Parents should watch out for 'pain in one part of body', grandmother of Strep A ... trends now
Pain in one part of the body might be a sign of Strep A in children, according to the grandmother of a sick girl whose fight against the illness sweeping Britain tugged at the country's heartstrings.
Camila Rose Burns, from Bolton, was admitted to hospital nearly a fortnight ago and was left fighting for her life after developing an exceptionally rare complication to the usually-harmless bug.
The four-year-old's grandmother, Dawn, has now told how Camilla — who is still in intensive care — had developed a pain near her shoulder before becoming seriously ill.
Fifteen children have now died from Strep A in Britain this winter. Health chiefs say the toll, although low, is unusually high for this time of year.
Camila Rose Burns (pictured), from Bolton in Greater Manchester, was admitted to hospital 11 days ago and doctors confirmed she was had the usually-mild bacterial infection
Her grandmother, Dawn, has warned before receiving her Strep A diagnosis, Camilla (pictured) — who is still in intensive care — had developed a pain in her shoulder
What is Strep A?
Group A Streptococcus (Group A Strep or Strep A) bacteria can cause many different infections.
The bacteria are commonly found in the throat and on the skin, and some people have no symptoms.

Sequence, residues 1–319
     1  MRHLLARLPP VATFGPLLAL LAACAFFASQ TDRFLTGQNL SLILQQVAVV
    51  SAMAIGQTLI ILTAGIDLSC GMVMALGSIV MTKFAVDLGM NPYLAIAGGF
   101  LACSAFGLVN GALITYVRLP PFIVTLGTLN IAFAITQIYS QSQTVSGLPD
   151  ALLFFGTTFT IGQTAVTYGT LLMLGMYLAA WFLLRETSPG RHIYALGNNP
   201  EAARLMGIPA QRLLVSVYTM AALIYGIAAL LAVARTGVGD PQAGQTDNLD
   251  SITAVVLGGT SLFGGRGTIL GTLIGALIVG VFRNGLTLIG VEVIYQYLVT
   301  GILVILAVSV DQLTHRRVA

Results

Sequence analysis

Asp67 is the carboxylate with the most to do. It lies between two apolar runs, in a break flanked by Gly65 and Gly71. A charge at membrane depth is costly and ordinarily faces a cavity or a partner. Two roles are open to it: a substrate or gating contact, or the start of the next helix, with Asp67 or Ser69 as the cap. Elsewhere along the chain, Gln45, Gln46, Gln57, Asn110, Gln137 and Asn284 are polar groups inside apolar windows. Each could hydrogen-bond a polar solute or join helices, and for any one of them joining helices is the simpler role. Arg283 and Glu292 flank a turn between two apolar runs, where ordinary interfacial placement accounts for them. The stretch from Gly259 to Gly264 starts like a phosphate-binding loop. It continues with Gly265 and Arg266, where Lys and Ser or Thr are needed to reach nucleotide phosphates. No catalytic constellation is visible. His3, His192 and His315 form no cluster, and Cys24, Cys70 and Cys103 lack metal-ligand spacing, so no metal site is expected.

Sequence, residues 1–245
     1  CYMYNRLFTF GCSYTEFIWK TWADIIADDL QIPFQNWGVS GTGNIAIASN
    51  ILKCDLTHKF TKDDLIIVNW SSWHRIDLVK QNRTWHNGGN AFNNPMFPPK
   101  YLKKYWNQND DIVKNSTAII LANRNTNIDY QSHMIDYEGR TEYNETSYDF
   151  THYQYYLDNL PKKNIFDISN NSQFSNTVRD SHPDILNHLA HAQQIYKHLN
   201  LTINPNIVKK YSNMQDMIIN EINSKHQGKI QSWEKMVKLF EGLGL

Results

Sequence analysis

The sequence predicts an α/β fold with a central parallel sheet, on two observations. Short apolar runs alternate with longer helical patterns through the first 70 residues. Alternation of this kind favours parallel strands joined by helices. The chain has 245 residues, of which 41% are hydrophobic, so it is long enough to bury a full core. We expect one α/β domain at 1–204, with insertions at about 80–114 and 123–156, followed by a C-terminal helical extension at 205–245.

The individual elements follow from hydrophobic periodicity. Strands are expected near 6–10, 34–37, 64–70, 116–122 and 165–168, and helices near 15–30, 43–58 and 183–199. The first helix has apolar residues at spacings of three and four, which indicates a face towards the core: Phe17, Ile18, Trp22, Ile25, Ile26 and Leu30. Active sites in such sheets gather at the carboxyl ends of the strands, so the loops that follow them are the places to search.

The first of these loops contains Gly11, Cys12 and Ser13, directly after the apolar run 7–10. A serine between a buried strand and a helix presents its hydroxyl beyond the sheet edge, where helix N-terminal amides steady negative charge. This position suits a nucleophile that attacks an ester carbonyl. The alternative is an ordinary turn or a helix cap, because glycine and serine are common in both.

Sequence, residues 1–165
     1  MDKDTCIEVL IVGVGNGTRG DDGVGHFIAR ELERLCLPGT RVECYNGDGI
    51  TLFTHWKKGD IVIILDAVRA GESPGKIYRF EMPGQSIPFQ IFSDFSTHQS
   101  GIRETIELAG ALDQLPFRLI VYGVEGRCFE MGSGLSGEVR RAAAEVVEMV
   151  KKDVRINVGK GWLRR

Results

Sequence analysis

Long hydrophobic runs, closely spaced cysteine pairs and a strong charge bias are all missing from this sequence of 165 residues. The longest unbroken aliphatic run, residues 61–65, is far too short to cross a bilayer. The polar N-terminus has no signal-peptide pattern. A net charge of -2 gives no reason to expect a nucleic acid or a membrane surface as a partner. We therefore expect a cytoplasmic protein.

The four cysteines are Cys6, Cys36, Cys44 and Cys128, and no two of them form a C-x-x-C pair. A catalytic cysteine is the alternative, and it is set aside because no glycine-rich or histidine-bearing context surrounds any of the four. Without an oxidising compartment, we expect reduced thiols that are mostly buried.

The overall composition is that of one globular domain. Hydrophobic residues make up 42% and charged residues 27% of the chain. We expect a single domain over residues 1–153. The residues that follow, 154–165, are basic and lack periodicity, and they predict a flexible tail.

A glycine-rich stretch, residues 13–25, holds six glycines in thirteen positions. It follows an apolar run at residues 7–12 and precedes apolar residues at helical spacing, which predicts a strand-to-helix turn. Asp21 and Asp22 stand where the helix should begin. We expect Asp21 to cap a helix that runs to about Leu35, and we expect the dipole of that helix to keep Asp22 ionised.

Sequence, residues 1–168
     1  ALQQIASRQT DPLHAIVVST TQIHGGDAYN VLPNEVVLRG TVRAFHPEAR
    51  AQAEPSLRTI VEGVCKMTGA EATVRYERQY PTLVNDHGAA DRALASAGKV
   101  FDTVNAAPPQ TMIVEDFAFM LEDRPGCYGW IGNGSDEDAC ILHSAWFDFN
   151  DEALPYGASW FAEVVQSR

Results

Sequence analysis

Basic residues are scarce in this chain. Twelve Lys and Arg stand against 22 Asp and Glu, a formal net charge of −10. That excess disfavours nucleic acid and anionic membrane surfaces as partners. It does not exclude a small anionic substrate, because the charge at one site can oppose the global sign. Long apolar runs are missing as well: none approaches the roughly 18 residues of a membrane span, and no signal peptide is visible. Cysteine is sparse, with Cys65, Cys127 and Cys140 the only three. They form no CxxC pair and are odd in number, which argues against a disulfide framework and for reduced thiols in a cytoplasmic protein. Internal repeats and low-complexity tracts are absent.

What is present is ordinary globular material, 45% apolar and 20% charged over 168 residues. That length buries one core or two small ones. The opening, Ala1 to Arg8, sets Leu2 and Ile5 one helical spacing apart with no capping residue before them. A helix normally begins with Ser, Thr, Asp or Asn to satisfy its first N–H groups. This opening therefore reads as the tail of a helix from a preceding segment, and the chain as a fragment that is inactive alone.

Infections caused by Strep A range from minor illnesses to serious and deadly diseases.
They include the skin infection impetigo, scarlet fever and strep throat.
While the vast majority of infections are relatively mild, sometimes the bacteria cause an illness called invasive Group A Streptococcal disease.
What is invasive Group A Streptococcal disease?
Invasive Group A Strep disease is sometimes a life-threatening infection in which the bacteria have invaded parts of the body, such as the blood, deep muscle or lungs.
Two of the most severe, but rare, forms of invasive disease are necrotising fasciitis and streptococcal toxic shock syndrome.
Necrotising fasciitis is also known as the 'flesh-eating disease' and can occur if a wound gets infected.
Streptococcal toxic shock syndrome is a rapidly progressing infection causing low blood pressure/shock and damage to organs such as the kidneys, liver and lungs.
This type of toxic shock has a high death rate.
Camilla, who is no longer hooked up to a ventilator, had been well and dancing with her friend on Friday November 25 but started to feel 'a little under the weather' the next day.
Her father Dean Burns, 44, and his wife Kaye, 39, took their daughter into hospital that day when she started complaining about her chest hurting.
A sickness bug had been going around her school, but Camila was sent home from the hospital as her condition did not appear serious.
But when Mr and Mrs Burns checked on their daughter at 3am on Monday morning, they found her lying in black vomit and rushed her straight into Alder Hey Children's Hospital.
Her grandmother told BBC Radio 4's Today programme this morning: 'Camilla was complaining of having pain in her chest, in the top left-hand corner, quite near to her shoulder.
'Pointed that out to the doctor, and the doctor said she has "more than likely" pulled a muscle being sick and coughing.
'And I think that's what parents need to look out for — a persistent pain in one part of the body.
'Because you've been told by someone who you trust that it's a pulled muscle and to give her Calpol, you just trust that that's the right thing.'